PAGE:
Massively got some hands on time with DotA mode this week during a brief dev testing session this week. Skip past the cut for our views on the Vorp! alpha and its new gameplay mode, and head over to Facebook to give the game a try and see what it's like for yourself.
Patrick Mackey's impressions
I like Vorp! particularly because it rehashes the old, tired DotA formula by injecting aim and maneuvering into the same kind of creep/tower gameplay. A lot of core things are done right, particularly the way ships handle and feel. The visuals also are pretty nice considering the game is designed to run on any computer.
My main issue with Vorp! is the initial ship balance (although the devs said they were aware of a lot of the problems). I definitely think that certain ships in the alpha we played were so good that they were a little brain-dead to play. I also think the game could use a couple of different maps to shake things up a bit. Lastly, I also think that the power-up dropping from fallen ships should be adjusted. I'm OK with ships dropping power-ups or experience in general, but it often resulted in problems when one player would destroy your allied ships, but then you picked up the items and experience, which penalizes the enemy for killing your creeps. I think that should be adjusted in some way. Overall though, the game is really fun, and I look forward to playing it when it goes live.
Brendan Drain's impressions
Being thrown in the deep end with Vorp! was an initially disconcerting experience, but I quickly found myself getting to grips with the controls. New players would definitely benefit from playing some survival mode to get used to the controls and gameplay before heading into a DotA-style match. A lot of the core DotA elements are definitely there, with waves of creeps in the form of space ships and defense turrets in the place of towers. Where Vorp! really changes the formula is in the inclusion of movement and aiming mechanics. Rather than auto-attacking a selected creep, for example, players have to aim their ships and attacks manually. This opens up some interesting gameplay options, like tank ships that block shots heading for other players.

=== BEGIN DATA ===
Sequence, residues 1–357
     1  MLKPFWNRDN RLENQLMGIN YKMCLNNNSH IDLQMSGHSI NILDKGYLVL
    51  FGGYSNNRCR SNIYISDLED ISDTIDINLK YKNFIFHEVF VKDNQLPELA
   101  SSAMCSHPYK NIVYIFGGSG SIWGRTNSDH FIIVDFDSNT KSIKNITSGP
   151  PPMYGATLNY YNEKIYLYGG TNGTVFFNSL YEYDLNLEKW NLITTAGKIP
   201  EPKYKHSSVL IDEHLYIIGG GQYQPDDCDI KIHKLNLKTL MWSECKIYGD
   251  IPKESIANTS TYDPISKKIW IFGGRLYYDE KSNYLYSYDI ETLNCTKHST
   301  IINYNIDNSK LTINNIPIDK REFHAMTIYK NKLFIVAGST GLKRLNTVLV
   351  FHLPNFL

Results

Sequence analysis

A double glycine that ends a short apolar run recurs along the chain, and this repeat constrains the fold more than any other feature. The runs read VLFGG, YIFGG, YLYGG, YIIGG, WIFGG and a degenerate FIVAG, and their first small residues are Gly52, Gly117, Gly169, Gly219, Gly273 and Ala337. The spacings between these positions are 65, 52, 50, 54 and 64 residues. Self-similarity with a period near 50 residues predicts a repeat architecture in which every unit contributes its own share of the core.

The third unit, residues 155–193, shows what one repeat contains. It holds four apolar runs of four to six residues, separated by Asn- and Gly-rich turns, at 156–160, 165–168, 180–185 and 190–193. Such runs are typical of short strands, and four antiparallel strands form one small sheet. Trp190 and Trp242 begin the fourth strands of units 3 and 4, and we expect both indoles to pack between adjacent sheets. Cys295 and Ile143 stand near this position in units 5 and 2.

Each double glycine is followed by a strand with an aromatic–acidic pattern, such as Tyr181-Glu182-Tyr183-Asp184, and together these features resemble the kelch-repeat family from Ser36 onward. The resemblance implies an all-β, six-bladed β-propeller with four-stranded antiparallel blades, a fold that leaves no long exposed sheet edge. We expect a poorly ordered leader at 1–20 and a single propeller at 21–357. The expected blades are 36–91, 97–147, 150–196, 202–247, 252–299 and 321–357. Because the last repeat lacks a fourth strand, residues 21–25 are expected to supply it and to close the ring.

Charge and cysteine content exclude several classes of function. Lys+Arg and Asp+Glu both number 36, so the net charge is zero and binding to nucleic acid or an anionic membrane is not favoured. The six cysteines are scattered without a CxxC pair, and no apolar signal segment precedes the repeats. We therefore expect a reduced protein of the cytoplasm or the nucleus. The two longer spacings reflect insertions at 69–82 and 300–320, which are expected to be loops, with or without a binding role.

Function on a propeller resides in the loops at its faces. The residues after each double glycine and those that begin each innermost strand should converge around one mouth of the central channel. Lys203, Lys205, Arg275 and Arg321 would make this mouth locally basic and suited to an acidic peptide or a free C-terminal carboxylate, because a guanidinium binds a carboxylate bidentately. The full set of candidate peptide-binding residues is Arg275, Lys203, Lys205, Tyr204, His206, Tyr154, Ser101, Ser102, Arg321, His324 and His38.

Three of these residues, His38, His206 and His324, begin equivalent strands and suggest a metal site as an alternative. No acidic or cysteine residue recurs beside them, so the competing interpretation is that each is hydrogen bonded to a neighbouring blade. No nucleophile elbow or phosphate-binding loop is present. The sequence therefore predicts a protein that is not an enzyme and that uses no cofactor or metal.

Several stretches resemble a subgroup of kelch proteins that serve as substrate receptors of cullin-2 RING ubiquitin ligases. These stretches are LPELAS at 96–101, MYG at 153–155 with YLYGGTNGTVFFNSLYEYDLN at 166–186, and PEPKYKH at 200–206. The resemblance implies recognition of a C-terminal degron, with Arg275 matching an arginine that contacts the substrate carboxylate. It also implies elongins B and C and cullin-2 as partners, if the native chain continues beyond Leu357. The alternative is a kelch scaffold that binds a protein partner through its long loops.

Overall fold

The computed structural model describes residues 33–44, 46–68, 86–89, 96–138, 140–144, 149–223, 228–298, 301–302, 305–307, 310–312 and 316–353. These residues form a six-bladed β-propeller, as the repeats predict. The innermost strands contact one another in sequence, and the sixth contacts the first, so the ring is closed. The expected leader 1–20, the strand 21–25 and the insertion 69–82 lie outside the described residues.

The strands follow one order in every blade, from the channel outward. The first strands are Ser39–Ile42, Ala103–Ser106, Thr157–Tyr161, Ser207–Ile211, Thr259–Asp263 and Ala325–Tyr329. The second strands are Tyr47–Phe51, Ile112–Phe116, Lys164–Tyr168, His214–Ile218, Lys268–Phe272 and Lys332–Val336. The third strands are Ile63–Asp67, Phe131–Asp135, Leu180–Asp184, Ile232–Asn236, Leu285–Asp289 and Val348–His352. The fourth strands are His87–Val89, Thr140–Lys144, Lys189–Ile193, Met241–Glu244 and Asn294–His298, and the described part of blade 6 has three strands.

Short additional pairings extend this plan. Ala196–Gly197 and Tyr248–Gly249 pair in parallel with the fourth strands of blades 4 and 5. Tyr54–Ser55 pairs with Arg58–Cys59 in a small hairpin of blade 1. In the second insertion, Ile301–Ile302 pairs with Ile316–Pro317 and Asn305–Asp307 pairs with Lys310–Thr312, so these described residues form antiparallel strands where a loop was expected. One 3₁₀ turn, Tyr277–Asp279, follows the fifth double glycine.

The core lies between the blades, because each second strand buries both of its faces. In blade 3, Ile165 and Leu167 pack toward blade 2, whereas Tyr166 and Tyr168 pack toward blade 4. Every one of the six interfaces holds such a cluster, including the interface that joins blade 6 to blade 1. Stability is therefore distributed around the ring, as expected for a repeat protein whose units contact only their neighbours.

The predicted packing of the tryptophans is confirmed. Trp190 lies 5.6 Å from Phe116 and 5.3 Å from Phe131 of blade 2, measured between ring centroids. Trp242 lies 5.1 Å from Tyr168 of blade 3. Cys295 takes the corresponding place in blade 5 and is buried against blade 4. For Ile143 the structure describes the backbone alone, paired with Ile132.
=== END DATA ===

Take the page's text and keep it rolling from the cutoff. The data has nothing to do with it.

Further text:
My first test was rudely interrupted by a graphics card reset, an issue caused by overheating that I've only encountered in extremely graphically intensive games like RIFT on maximum settings and EVE Online's new captain's quarters. It became clear that the game didn't yet have a frame rate limiter built in, but developers assured me that one would be added to stop the game eating up unnecessary system resources and prevent this issue from occurring. It's worth noting that the minimum requirements for Vorp! are so low that it should run fine through a web browser on a five-year-old laptop.
The DotA item system has interestingly not been included, with developers choosing to substitute the strategic gameplay of creating item builds for action-based elements. I found the gameplay quite fun, though the Hirudo's area effect main weapon felt very passive and disconnected compared to the Ant's railgun. My main gripe with the current gameplay was that the experience-giving Atom dropped by destroyed creeps has to be collected manually and can be picked up by anyone, taking up valuable time and leading to experience-stealing.
Perhaps the most encouraging thing about Vorp! is how open the developers are to changing the game based on feedback. If players are unhappy with any of the gameplay encountered in DotA mode, they can quickly leave feedback at the end of the round and have a real chance of getting some changes made. I must admit that while I didn't like some of the ships and mechanics in this early beta release of DotA mode, the game is fundamentally fun and it had a strange draw that has made me want to go back for more. I've made a rule out of never playing games on Facebook, but this is one game I may break that rule for.
Matthew Daniel's impressions
Vorp! solicited mixed feelings for me. I'll start by saying that I had a lot of fun with the game. That's really the bottom line; I really enjoyed it. It takes the time-tested formula of Defense of the Ancients that I know and love, but it puts a few interesting spins on it. The space setting and shoot-'em-up controls definitely set it apart from the crowd. The game is no longer all about your build and which character is the flavor of the month; now you have to be able to maneuver and shoot accurately will evading enemy attacks.
That all being said, there is one thing that I absolutely, positively could not stand: When you kill an enemy, Atom (the game's experience-granting currency) explodes out in all directions. As a result, you have to take precious time to gather up your experience points, unlike in other DotA-alikes where you simply get the kill, get your XP, and get out. Another small detail is that, along with dropping XP, destroyed ships drop health, and let me tell you that there is nothing more infuriating than whittling an enemy down to a sliver of health only to have him heal up to full from a creep ship that you destroyed yourself. Aside from these two details, though, I really enjoyed the game and look forward to seeing where it goes from here.
Join us every Saturday for Not So Massively, our roundup of the top news from popular online games that aren't quite MMOs. If you think there's a game we should be covering in Not So Massively or you've found some interesting news you think deserves attention in the next roundup, please mail the details to email@example.com.